List entry

List entry Summary

This building is listed under the Planning (Listed Buildings and Conservation Areas) Act 1990 as amended for its special architectural or historic interest.

Name: THE OLD ALMSHOUSE

List entry Number: 1382942

Location

THE OLD ALMSHOUSE, CHAMBERLAIN STREET

The building may lie within the boundary of more than one authority.

County District District Type Parish
SomersetMendipDistrict AuthorityWells

National Park: Not applicable to this List entry.

Grade: II*

Date first listed: 12-Nov-1953

Date of most recent amendment: Not applicable to this List entry.

Legacy System Information

The contents of this record have been generated from a legacy data system.

Legacy System: LBS

UID: 483345

Asset Groupings

This list entry does not comprise part of an Asset Grouping. Asset Groupings are not part of the official record but are added later for information.

List entry Description

Summary of Building

Legacy Record - This information may be included in the List Entry Details.

Reasons for Designation

Legacy Record - This information may be included in the List Entry Details.

History

Legacy Record - This information may be included in the List Entry Details.

Details

WELLS

ST5445 CHAMBERLAIN STREET 662-1/7/72 (South side) 12/11/53 The Old Almshouse

GV II*

Also known as: Bubwith Almshouse CHAMBERLAIN STREET. Almshouses. Begun 1436, extended in 1614 and 1638, major restoration of 1884. Local stone rubble with Doulting stone dressings, Welsh slate roofs with stone ridge and coped gables, tall ashlar chimney stacks on rubble bases. PLAN: complex plan of medieval north wing, with attached wings of 1884 and 1614 extending southwards, a detached south range of 1638 and additional detached central block apparently of 1884. EXTERIOR: north wing of hall, chapel, and rooms is single storey with attics, with an elevation to Chamberlain Street of 13 bays. Bays 1 and 2 are the chapel, part of the C15 foundation. This has a large 5-light Perpendicular E window, heavily restored, and on the N side are a small single light with chamfered surround and a 3-light cinquefoil cusped window to bay 2. Bay 3 has the projecting gabled entrance porch with a pair of doors in a 4-centred arch with plain spandrels and square label under a statue niche; there is a cast-iron footscraper left of the doorway. Bays 4, 5, 6, 7, 9 and 10 have 2-light chamfer-mullioned windows, probably C19 restorations, with small pane iron leaded casements, the attic windows have small gablets with carved finials; tall chimney stacks between each pair. Bay 8 has one similar window at mezzanine level. Bays 11, 12 and 13 are taller, with a bell turret to east gable-this is the hall, which had a second floor inserted in c1850, fenestration similar, but upper bay 13 has a 2-light cinquefoil cusped window. The west gable of the hall has a 3-light Perpendicular tracery window at first floor level, with a C20 door and window below-thereafter is the first of the two 1884 wings, replacing a 1614 wing, and behind it the second wing. The south range, 1638, building is a building of remarkable design. It is small in scale, of one storey with attic, in 5 bays, with a symmetrical elevation facing the churchyard of St Cuthbert (qv). 2-light ovolo-mould mullioned windows with labels to upper bays 2 and 4 and lower bays 1, 2, 4 and 5. Between bays 1 and 2 and bays 4 and 5 are cambered-arched doorways with labels and square recesses with labels over. Bay 3 has an ornamental 4-seat sedilia with a mixture of Gothic and Classical detailing. To the left of this range is a free-standing range of 1884, with its gable to the S, including a commemorative tablet indicating that the building replaces one of 1614. INTERIOR: the chapel has a 4-bay roof in heavy moulded arch-braced trusses carried on octagonal posts to stone corbels, with 3 purlins, and 4 ranges of curved wind-braces; in the first 3 bays the purlins are moulded, in bay 4 they are chamfered and stopped. This roof construction also continues to the W beyond the chapel. The 5-light east window of c1850 by Bell of Bristol. The lower part of the screen at the W end has C17 panels. To the right of the chapel entry is a bay with late C20 staircase and sub-division. The private rooms not accessible, but considerable C19 and C20 modification has been made. Medieval hall roof not seen. Chapel roof has having shafts supporting the truss foot similar but more elaborate than The Rib's at 3 St Andrew Street (qv). HISTORICAL NOTE: the original buildings were built in 1436 from an endowment by Bishop Bubwith, (d.1424), and had 12 inmates. They were extended by Bishop John Still's (d.1608) bequest in 1614, and again, for four people, in 1638. There were sundry C18 and C19 benefactions, with major additions in 1884. The range of buildings is extensive, closing off the N side of St Cuthbert's churchyard, and like the Vicars Close (qv) and The Rib was heated by fireplaces. (The Buildings of England: Pevsner N: North Somerset and Bristol: London: 1958-: 329).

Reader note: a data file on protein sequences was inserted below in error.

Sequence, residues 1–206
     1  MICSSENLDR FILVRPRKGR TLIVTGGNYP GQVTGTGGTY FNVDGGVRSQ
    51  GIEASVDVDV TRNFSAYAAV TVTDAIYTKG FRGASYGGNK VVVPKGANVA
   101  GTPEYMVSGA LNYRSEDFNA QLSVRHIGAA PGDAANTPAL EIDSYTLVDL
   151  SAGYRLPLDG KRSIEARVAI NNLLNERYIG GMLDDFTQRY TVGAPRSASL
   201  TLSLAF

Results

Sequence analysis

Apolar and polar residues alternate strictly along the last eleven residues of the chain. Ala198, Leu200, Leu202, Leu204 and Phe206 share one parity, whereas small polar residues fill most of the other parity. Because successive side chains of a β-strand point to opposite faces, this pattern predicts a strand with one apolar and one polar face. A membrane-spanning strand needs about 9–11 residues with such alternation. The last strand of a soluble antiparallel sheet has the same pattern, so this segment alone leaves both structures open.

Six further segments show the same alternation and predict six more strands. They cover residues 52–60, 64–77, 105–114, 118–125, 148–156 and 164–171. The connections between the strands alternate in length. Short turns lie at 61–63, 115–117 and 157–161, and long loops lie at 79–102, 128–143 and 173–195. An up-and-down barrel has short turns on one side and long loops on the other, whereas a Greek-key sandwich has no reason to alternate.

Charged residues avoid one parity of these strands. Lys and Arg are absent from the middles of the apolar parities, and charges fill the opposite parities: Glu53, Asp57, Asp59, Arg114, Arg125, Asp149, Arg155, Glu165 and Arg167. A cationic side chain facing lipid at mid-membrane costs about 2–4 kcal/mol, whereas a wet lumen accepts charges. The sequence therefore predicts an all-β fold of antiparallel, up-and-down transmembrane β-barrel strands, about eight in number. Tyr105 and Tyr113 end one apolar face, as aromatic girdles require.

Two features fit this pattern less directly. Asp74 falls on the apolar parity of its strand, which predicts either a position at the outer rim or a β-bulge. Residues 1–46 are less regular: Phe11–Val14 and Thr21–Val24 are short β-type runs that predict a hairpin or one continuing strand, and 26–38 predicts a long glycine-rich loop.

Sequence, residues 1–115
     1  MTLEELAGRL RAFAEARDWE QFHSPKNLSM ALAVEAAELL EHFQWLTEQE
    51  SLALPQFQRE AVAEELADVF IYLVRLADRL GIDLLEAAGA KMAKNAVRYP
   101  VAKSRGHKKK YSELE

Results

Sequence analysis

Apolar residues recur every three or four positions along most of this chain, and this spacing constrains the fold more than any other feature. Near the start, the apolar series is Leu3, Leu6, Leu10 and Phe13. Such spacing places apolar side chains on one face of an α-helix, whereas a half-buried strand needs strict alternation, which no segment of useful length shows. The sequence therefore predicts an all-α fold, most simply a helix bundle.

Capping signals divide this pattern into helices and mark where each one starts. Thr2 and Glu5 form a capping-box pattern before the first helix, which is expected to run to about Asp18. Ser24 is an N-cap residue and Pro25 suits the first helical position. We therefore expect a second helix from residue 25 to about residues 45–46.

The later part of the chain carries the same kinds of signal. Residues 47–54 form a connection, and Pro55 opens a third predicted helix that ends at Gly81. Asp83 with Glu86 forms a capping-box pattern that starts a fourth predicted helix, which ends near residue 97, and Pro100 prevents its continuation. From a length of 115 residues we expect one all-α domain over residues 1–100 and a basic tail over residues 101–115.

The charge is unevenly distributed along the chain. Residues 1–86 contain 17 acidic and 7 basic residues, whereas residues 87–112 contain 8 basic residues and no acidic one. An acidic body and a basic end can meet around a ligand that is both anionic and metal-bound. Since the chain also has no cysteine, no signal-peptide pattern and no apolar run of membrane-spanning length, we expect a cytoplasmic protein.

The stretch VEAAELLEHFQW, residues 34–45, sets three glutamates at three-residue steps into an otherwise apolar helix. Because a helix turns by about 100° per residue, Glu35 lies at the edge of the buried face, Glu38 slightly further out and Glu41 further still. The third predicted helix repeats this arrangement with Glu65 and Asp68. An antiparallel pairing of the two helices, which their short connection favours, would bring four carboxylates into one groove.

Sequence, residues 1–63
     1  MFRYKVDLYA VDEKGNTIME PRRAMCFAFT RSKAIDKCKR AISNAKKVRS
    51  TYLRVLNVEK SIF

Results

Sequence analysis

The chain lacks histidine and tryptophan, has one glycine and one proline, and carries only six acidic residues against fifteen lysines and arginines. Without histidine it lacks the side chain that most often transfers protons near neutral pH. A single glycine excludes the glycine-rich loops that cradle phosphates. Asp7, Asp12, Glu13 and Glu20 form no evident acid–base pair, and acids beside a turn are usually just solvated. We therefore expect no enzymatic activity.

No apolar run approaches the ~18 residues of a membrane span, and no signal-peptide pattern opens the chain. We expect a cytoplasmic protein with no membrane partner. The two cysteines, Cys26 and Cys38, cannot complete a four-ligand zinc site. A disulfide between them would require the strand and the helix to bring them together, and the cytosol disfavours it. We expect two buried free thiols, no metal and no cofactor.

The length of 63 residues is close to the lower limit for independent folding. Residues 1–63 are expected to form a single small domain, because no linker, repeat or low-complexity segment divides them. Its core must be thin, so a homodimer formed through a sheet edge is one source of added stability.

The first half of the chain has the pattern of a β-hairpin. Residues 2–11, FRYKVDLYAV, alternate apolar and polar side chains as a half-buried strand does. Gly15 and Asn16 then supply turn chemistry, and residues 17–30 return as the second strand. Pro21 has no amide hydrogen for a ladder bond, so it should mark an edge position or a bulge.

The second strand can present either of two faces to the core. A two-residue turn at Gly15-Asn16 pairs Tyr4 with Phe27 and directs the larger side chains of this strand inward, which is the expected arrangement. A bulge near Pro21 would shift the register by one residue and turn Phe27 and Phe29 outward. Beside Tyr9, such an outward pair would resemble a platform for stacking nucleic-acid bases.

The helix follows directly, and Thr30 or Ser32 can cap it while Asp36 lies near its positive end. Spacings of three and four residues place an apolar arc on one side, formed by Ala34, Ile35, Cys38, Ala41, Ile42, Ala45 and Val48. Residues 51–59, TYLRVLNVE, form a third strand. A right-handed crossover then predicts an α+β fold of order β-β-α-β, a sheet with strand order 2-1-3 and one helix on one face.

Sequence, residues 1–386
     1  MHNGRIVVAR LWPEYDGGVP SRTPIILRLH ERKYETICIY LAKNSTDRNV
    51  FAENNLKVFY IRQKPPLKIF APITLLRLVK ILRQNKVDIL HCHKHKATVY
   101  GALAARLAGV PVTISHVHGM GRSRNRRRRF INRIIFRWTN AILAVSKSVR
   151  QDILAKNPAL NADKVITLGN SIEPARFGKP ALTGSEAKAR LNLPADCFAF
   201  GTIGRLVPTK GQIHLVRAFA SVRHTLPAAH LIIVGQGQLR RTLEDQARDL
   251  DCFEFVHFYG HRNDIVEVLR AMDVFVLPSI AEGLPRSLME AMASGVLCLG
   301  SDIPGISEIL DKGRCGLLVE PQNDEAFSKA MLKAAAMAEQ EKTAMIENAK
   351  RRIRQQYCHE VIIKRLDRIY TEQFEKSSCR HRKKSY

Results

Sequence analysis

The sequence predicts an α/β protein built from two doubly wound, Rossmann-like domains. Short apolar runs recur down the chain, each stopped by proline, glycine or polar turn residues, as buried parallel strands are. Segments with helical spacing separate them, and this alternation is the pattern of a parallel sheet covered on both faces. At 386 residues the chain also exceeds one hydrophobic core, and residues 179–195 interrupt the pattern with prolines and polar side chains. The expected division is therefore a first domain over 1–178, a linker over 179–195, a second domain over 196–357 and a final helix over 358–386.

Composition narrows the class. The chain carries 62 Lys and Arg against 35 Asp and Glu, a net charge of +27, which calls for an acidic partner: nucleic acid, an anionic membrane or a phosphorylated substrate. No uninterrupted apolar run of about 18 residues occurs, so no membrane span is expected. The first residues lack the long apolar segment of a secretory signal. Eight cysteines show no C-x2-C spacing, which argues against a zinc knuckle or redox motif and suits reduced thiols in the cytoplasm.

Listing NGR: ST5460945703

Selected Sources

Books and journals
Pevsner, N, The Buildings of England: North Somerset and Bristol, (1958), 329

National Grid Reference: ST 54609 45703

Map


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This copy shows the entry on 01-Nov-2014 at 12:27:38.